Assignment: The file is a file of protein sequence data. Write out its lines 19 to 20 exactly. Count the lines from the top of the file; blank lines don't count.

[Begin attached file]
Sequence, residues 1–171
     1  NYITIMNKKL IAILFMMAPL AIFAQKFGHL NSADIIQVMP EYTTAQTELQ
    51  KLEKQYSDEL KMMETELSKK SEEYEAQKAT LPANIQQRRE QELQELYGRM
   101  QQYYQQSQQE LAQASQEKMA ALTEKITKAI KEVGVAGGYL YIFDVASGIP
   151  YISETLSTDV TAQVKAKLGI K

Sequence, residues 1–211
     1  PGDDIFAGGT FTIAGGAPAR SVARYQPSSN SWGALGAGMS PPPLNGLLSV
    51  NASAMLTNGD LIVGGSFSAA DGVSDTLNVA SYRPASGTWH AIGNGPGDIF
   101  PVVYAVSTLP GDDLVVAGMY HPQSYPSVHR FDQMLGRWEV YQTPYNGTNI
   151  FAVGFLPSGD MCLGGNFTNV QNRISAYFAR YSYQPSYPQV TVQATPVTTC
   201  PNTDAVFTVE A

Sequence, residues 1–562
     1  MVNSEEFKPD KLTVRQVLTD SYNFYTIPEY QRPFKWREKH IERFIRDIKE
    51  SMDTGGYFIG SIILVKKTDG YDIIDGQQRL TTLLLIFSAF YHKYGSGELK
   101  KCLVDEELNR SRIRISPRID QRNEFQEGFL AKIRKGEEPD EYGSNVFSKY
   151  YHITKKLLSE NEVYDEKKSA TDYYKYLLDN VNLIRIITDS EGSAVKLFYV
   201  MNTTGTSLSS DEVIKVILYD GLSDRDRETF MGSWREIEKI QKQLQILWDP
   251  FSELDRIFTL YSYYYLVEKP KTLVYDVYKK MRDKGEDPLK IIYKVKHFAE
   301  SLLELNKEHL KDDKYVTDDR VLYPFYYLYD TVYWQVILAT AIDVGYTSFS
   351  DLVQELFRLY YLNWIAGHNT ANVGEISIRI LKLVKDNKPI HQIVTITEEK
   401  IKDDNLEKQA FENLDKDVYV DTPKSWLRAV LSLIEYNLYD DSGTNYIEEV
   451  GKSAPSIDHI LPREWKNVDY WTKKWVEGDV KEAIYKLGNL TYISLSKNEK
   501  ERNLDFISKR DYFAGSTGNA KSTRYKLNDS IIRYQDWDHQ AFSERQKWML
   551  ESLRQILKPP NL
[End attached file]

   301  SLLELNKEHL KDDKYVTDDR VLYPFYYLYD TVYWQVILAT AIDVGYTSFS
   351  DLVQELFRLY YLNWIAGHNT ANVGEISIRI LKLVKDNKPI HQIVTITEEK